MRI-negative refractory focal epilepsy is well known to present major challenges in seizure localization and surgical treatment. Many epilepsy centers around the world are encountering increasing numbers of patients with MRI-negative refractory epilepsy. As a result, there has been a growing number of publications on the topic of presurgical evaluation and postsurgical outcome of MRI-negative surgery. A great proportion of these publications emanate from advances in imaging techniques. The MRI is one of the historically most versatile diagnostic tools, with new techniques still developing decades after its advent. However, other imaging modalities are keeping pace in their development for detecting functional alterations that can serve as surrogates or markers of the epileptogenic focus. At the same time, data have been accruing from electrophysiological and histopathological investigations in MRI-negative patients who have undergone presurgical evaluation and surgical management. MRI-negative epilepsy is not a single disease entity or epilepsy type, and the global experience with its evaluation and surgery has been varied. No one epilepsy center has all the most advanced presurgical diagnostic or surgical techniques at its disposal. Experience or skills in the techniques are expected to vary between centers. Perhaps for these reasons, outcomes of MRI-negative epilepsy surgery are not uniform between centers. Therefore, in developing diagnostic and therapeutic approaches for MRI-negative epilepsy surgery, there is a need for critically assessing surgical outcomes in terms of factors that contribute to postsurgical seizure control and neuropsychological impact.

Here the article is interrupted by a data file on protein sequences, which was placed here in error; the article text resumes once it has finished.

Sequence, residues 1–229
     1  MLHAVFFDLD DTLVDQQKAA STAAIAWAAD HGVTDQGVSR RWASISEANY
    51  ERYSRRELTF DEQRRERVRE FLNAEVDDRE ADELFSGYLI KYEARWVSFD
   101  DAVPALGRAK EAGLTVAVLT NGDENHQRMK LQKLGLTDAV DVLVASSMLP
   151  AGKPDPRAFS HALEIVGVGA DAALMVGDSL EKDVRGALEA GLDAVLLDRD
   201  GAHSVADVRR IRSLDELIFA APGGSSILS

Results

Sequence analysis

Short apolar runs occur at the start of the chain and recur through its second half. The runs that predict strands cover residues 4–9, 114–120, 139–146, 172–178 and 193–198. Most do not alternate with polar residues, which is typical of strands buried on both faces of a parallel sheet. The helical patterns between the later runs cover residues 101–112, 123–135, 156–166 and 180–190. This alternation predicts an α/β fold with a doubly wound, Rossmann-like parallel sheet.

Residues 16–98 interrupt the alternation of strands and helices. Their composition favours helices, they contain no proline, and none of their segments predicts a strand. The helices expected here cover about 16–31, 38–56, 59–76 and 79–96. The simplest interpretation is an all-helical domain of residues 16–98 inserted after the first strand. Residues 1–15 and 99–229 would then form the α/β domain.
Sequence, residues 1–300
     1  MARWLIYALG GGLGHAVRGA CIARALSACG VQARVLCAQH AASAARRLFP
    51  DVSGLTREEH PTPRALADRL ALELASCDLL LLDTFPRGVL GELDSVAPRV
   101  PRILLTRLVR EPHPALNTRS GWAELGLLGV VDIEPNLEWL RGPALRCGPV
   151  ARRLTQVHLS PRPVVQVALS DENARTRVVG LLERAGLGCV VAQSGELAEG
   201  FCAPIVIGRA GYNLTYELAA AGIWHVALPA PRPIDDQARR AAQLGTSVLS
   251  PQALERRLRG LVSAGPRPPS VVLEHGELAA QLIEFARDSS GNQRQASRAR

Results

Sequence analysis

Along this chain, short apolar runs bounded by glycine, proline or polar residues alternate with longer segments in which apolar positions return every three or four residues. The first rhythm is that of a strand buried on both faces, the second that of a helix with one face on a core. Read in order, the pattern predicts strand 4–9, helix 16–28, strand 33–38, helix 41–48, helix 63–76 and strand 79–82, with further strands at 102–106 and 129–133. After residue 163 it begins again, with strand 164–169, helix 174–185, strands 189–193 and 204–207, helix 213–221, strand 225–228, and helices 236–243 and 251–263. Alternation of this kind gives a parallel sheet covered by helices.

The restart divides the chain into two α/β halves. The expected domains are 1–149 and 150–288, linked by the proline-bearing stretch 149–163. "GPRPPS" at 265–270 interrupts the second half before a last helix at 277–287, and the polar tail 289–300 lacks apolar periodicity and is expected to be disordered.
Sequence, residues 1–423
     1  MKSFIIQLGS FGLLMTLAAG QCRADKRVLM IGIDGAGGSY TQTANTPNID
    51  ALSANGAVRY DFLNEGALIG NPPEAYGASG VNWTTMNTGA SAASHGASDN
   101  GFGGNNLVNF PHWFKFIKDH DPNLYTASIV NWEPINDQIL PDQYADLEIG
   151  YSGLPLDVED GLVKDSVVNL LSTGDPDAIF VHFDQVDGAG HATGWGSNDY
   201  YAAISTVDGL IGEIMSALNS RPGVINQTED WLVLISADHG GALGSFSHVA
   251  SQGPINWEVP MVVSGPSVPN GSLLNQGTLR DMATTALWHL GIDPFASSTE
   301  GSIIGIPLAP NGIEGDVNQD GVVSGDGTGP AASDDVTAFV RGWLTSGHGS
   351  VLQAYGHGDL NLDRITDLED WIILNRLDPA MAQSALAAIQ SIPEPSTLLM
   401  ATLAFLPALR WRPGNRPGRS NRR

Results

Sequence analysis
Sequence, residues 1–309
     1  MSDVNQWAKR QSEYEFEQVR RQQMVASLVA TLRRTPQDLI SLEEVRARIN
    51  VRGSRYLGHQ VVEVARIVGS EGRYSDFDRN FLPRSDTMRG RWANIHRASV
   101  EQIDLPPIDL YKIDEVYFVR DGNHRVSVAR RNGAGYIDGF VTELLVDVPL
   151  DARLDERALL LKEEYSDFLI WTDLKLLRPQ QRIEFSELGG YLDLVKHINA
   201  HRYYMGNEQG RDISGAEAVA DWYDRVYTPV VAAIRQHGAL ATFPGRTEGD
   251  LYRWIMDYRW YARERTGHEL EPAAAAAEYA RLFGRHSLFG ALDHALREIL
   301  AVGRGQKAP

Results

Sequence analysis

|Original language||English (US)|
|Title of host publication||MRI-Negative Epilepsy|
|Subtitle of host publication||Evaluation and Surgical Management|
|Publisher||Cambridge University Press|
|State||Published - Jan 1 2015|
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